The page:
At PCI, do we publish publications?  Or, do we inspire dreams and transform lives?

Both, actually.

PCI turns 100 this year and this week we are looking at five key lessons we’ve learned about building an enduring organization.  So far, we’ve explored the power of shared values, focusing on becoming a learning organization, leading with a servant’s heart, and putting forth a vision.  Our fifth and final learning is around the power of purpose and searching for the meaning in our work.

Lesson #5: The power of purpose and meaning

At PCI, we have always taken great pride in serving our nation’s colleges and universities.  Fifteen years ago a group of PCI associates read Roy Spence‘s terrific book It’s Not What You Sell, It’s What You Stand For: Why Every Extraordinary Business is Driven by Purpose.  We used the material as a springboard to create greater clarity around our purpose.

We began by making the link between the work we do and the work our clients do.  We serve colleges, universities, high schools, and service organizations. Why do they exist?  What did they have in common?  We discovered all three types of institutions exist to inspire dreams and transform lives.  Every day, the work we do strengthens their ability to inspire dreams and transform lives.  

We had discovered our purpose: To inspire dreams and transform lives.

Every quarter when we gather as an organization, we begin by reading our purpose.  Every month at our Trailblazer extended leadership meeting, we begin by reading our purpose.  Every day at our 10-minute operations huddle, we begin by reading our purpose.  

The goal is to create an awareness of the bigger picture and how what we do as an organization make a difference.

The second part of purpose equation involves creating an environment that encourages us to reflect on the meaning in our individual work.  In their excellent, research-based article, “What Makes Work Meaningful – or Meaningless,” Catherine Bailey and Adrian Madden identify five qualities of meaningful work:

1: Self-transcendent: “People did not talk about themselves when they talked about meaningful work; they talked about the impact or relevance their work had other individuals, groups, or a wider environment.”

2: Poignant: “People often found their work to be full of meaning at moments associated with mixed, uncomfortable, or even painful thoughts and feelings, not just a sense of unalloyed joy and happiness.”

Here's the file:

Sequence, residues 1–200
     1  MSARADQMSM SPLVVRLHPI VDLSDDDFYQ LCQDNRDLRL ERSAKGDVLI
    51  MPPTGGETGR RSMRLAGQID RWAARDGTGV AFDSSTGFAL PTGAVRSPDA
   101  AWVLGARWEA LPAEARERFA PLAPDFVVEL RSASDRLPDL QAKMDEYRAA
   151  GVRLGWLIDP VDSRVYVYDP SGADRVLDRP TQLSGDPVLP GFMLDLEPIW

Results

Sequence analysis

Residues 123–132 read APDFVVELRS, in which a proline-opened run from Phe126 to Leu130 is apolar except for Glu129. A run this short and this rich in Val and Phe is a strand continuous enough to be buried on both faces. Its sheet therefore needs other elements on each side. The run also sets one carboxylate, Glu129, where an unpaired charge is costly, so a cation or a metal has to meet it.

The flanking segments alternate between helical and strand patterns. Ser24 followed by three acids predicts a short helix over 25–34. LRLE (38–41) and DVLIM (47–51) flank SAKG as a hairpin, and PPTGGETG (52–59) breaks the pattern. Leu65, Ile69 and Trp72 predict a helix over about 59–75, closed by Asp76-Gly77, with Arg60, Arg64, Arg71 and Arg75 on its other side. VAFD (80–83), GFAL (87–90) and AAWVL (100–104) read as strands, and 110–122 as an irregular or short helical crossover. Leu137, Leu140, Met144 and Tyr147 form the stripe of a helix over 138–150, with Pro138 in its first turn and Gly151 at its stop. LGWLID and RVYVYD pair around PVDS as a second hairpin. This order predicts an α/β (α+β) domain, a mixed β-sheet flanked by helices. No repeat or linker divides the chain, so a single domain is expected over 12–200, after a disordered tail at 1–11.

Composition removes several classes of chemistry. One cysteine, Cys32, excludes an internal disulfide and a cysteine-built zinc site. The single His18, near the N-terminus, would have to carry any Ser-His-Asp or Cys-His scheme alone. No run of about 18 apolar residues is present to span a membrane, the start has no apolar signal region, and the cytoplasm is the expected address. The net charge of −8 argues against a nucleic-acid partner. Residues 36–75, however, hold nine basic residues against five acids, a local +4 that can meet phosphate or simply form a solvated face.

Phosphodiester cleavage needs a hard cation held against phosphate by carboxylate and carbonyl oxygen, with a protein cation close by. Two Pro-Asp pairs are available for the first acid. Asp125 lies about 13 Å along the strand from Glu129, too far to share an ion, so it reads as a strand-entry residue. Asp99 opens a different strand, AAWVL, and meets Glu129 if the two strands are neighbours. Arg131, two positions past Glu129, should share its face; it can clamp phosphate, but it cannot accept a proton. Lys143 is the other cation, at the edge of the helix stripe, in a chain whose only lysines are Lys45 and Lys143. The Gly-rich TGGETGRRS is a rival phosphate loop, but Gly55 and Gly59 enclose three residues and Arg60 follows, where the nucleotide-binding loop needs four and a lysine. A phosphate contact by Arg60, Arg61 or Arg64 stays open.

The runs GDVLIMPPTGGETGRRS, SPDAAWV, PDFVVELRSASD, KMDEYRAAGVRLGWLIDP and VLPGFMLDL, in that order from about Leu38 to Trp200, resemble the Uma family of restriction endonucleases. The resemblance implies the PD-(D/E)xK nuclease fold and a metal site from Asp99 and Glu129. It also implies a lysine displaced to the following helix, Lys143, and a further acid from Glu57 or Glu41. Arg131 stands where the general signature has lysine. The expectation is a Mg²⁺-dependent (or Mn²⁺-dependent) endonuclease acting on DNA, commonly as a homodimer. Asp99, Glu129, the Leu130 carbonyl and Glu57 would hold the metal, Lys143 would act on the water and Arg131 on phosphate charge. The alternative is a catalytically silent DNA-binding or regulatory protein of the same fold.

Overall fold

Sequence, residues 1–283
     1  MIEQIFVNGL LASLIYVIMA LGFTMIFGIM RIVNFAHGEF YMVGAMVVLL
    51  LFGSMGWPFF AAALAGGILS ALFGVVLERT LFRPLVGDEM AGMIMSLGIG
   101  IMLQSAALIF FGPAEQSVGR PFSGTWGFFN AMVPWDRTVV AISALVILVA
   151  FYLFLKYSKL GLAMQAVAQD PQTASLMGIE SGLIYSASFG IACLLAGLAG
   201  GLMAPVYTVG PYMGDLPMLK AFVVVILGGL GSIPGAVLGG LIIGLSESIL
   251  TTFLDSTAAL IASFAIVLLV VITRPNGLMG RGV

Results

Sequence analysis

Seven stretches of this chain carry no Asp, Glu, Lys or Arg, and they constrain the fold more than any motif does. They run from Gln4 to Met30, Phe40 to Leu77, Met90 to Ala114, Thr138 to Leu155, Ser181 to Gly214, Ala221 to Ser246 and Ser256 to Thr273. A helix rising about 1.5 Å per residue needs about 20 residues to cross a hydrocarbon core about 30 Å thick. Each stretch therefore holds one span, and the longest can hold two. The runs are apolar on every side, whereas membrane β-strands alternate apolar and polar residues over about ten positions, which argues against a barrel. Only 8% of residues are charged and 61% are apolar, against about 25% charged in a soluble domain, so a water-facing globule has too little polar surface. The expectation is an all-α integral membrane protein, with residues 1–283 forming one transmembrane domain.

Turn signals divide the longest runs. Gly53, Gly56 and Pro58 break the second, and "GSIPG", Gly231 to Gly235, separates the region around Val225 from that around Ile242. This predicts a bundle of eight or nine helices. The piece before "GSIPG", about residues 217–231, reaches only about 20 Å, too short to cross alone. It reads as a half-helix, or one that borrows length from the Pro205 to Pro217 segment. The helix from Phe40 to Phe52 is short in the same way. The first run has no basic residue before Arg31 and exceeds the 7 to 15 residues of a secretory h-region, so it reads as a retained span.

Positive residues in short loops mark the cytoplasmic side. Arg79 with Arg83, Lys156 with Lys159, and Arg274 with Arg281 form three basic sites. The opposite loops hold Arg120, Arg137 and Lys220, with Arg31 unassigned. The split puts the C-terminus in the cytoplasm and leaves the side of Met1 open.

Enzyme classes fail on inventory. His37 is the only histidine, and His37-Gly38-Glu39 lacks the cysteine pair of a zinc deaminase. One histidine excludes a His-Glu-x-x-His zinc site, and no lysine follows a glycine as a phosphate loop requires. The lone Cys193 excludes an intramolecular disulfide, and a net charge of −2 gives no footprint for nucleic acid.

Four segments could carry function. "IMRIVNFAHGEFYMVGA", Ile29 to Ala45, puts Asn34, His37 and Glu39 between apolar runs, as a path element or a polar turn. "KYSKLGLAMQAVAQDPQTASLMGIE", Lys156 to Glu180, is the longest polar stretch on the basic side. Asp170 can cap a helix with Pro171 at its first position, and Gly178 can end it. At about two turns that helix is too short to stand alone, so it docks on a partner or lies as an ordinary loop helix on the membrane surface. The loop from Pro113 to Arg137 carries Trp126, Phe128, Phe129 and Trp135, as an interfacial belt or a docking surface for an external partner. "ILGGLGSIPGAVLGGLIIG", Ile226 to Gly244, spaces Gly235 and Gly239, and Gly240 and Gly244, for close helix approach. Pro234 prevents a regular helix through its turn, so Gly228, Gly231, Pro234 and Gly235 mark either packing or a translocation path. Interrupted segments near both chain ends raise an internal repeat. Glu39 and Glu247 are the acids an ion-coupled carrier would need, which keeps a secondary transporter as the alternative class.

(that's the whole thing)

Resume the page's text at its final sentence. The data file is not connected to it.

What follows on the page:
3: Episodic:  “Awareness that work was meaningful at peak times that were generative of strong experiences… These peak experiences have a profound effect on individuals, are highly memorable, and become part of their life narratives.”

4: Reflective: “It was often only when we asked the interviewees to recount a time when they found their work meaningful that they developed a conscious awareness of the significance of these experiences.  Meaningfulness was rarely experienced in the moment, but rather in retrospect and on reflection when people were able to see their completed work and make connections between their achievements and a wider sense of life meaning.”

5: Personal: “Work is meaningful is often understood by people not just in the context of their work but also in a wider context of their personal life experiences.”

Building on #4 above, at PCI, we are excited about experimenting with adding a question to our Quarterly Conversations inviting people to reflect on when, over the prior 90 days, they found meaning in their work.  

If you are interested in purpose, click below to read additional Rise With Drew blog posts on this topic.

Steve Jobs was wrong

Who’s Happier? Managers or their Assistants?

Can a 30-minute meeting where we read and talk about four stories change how we see our job?

A Defining Moment of Change

Reflection:  When in the last 90 days did I find my work to be meaningful?

Action:  Share your reflections with a colleague.  Invite them to share their thoughts.  Today.

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